You don’t need to go Stateside to enjoy the autumn leaves, and what better way to enjoy the cooler days than to explore the colourful woodlands of Wales? With a wealth of opportunities such as hiking, mountain biking and watching the sky at night, treat yourself to a Welsh autumn break, or maybe surprise your loved ones with a holiday gift voucher!
Mountain Biking in Southern Snowdonia
Coed y Brenin is a world-class, purpose-built venue for mountain bikers, with eight specially designed trails as well as running, walking and orienteering routes. Set in the south of Snowdonia National Park, this picturesque spot makes an ideal location to visit on a weekend break or family half-term holiday. It has an excellent visitor centre, some comfortable walks where you can admire the falling leaves, and an all-access mobility trail. You can even admire the stunning landscape from the comfort of the cafe, and sample some of their home-made treats.
Hiking the Brecon Beacons
Autumn is perhaps the most dramatic season in the Brecon Beacons, with the falling leaves exposing the mountain flanks as they prepare for winter. If you’re up for a hike and some bird-watching, stop off at Craig Cerrig Gleisiaid & Fan Frynych. This extensive nature reserve covers 1200 acres of mid Wales, where you can also admire the autumn hues as you climb some of the routes up to the summit of Pen Y Fan.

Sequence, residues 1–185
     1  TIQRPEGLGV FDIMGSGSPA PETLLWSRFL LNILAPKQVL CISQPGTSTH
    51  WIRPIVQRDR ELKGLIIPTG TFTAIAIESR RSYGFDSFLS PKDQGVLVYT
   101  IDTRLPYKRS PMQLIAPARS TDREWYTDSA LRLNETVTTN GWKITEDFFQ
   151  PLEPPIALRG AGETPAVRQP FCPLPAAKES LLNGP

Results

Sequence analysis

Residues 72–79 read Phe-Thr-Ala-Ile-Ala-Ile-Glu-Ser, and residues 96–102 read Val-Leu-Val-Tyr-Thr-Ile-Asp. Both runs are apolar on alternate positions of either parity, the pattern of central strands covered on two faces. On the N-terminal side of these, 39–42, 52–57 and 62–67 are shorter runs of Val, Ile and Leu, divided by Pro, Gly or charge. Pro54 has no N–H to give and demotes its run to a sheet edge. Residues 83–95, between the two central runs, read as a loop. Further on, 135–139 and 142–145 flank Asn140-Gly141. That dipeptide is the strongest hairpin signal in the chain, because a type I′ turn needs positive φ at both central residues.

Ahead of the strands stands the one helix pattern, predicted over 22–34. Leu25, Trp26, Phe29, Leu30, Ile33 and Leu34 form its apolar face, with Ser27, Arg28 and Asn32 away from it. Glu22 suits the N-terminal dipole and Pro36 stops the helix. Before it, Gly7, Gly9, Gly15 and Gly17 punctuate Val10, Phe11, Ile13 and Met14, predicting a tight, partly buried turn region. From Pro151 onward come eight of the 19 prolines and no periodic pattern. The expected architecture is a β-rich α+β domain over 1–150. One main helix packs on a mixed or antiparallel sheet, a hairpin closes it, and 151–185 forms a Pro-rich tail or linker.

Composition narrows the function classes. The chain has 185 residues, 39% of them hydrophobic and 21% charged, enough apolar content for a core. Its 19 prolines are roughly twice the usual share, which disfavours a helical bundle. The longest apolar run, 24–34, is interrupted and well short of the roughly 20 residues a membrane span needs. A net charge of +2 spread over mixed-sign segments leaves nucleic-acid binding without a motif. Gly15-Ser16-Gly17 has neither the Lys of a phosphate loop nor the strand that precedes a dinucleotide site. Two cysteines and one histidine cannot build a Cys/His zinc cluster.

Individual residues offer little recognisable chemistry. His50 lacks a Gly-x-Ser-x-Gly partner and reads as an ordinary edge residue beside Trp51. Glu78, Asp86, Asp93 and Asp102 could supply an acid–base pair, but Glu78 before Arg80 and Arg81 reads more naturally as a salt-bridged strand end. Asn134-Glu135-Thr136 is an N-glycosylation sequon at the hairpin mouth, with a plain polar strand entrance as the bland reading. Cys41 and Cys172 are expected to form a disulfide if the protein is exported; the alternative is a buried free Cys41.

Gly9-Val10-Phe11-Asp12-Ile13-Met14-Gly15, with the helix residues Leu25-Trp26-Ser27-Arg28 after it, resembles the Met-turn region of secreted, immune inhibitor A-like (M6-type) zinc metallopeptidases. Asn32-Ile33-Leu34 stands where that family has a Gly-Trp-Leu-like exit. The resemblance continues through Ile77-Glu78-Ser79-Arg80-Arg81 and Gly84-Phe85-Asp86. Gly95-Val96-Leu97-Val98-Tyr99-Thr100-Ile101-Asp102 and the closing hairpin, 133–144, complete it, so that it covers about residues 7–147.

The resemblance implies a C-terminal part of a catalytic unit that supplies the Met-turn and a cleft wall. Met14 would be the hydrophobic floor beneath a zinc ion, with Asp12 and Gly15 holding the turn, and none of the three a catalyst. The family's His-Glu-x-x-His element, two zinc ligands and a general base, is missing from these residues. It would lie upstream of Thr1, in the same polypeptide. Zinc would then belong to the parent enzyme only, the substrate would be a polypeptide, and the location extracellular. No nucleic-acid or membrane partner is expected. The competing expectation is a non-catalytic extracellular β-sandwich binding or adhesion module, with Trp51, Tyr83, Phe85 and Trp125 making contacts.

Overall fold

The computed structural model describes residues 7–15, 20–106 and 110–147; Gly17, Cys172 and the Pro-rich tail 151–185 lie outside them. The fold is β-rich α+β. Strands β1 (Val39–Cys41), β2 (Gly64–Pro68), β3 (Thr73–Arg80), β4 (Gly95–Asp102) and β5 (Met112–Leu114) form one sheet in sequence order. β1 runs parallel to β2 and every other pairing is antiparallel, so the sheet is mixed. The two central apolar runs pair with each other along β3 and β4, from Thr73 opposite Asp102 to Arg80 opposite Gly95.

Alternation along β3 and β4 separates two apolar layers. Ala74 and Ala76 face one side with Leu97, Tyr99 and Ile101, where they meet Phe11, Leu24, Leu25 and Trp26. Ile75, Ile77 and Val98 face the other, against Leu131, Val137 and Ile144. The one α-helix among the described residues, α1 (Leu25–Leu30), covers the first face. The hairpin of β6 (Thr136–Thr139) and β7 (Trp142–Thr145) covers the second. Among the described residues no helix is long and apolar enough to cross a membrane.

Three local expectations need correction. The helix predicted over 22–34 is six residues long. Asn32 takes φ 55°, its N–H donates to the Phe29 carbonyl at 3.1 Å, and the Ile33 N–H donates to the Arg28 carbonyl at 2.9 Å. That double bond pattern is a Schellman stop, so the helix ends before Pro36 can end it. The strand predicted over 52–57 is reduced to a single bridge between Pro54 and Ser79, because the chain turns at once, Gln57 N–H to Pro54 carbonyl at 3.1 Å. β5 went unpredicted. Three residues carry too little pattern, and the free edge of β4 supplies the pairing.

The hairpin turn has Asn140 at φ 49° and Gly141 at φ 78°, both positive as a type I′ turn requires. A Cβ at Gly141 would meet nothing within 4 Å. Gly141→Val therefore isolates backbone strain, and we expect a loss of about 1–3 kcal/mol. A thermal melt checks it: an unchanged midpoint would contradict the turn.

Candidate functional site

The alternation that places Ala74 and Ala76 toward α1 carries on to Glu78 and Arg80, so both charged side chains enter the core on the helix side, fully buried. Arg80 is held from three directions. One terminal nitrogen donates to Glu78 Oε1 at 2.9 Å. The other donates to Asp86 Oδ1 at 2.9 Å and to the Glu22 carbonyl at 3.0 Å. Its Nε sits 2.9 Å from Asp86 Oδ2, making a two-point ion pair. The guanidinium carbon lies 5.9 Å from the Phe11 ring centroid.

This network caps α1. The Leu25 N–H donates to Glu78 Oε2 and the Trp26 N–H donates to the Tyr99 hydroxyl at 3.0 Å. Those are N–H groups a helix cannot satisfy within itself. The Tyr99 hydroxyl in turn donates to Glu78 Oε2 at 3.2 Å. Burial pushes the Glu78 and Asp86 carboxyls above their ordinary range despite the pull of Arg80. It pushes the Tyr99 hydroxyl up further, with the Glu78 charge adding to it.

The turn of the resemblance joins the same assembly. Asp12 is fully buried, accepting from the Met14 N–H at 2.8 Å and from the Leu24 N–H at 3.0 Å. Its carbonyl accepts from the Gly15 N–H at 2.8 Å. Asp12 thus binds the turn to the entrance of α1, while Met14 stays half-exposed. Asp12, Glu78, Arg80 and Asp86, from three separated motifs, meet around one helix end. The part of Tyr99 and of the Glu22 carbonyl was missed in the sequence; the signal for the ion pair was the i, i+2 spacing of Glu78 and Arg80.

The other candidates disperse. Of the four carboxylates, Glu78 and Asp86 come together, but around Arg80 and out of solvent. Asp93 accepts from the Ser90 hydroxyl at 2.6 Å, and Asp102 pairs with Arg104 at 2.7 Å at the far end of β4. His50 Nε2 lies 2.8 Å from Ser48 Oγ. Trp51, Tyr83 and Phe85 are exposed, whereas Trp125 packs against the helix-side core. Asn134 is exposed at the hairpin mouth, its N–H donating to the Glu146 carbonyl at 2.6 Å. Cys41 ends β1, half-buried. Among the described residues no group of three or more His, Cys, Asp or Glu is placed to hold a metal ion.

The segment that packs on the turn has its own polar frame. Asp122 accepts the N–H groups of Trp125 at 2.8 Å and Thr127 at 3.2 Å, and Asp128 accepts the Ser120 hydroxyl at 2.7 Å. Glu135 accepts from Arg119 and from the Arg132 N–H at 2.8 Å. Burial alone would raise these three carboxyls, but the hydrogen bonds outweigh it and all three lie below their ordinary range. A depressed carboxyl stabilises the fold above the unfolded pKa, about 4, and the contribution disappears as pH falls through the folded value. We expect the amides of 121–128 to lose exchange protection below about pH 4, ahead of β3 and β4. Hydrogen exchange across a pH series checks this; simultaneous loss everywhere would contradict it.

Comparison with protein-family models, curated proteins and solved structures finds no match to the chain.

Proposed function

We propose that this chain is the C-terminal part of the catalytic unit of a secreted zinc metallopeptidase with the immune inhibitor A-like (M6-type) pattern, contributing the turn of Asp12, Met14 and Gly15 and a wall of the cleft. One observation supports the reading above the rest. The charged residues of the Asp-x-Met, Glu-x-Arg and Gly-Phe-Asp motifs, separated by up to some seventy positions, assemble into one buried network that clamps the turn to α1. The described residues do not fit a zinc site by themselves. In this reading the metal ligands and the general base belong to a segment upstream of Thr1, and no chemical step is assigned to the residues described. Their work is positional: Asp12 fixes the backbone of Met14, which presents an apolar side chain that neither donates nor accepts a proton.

Wales for Wildlife
Wales is a nature-lover’s paradise, featuring 11 RSPB sanctuaries and 216 Wildlife Trust reserves. Autumn wildlife to watch includes seasonal seals and porpoises in the islands off the Pembrokeshire coast, crested grebes near Bangor in North Wales, and wildfowl in the wetlands of the South. A highlight of the RSPB Newport Wetlands in October is the twilight flocking of 50,000 or more starlings, as they perform syncopated flight dances before dropping down to roost.
The Sky at Night
Wales has many designated Dark Sky Areas around its coasts and mountains, where you can get away from city lights and observe the heavens. At historic Penmon in north east Anglesey, for example, you can not only spot seals, dolphins and puffins off its shores, but find the astral animals of the zodiac. On the west coast, Penbryn Beach is a mile of golden sand that’s one of the best-kept secrets in Wales. Wonderful in the daytime, this is also a beautifully secluded spot from which to wonder at the beauty of the night sky.
What better adventure for inquisitive kids than a visit to a real life castle? Pembroke Castle is one of the most iconic of the Welsh castles, with a long history and stunning architecture, plus ongoing excavations and some great exhibits. With a fascinating reputation as the birthplace of Henry VII, the first of the great Tudor monarchs, Pembroke castle is also built over a natural cavern where you can find pipistrelle bats… and maybe a dragon! And if you’re arriving soon, castles all over Wales will open for free on 29/30 September.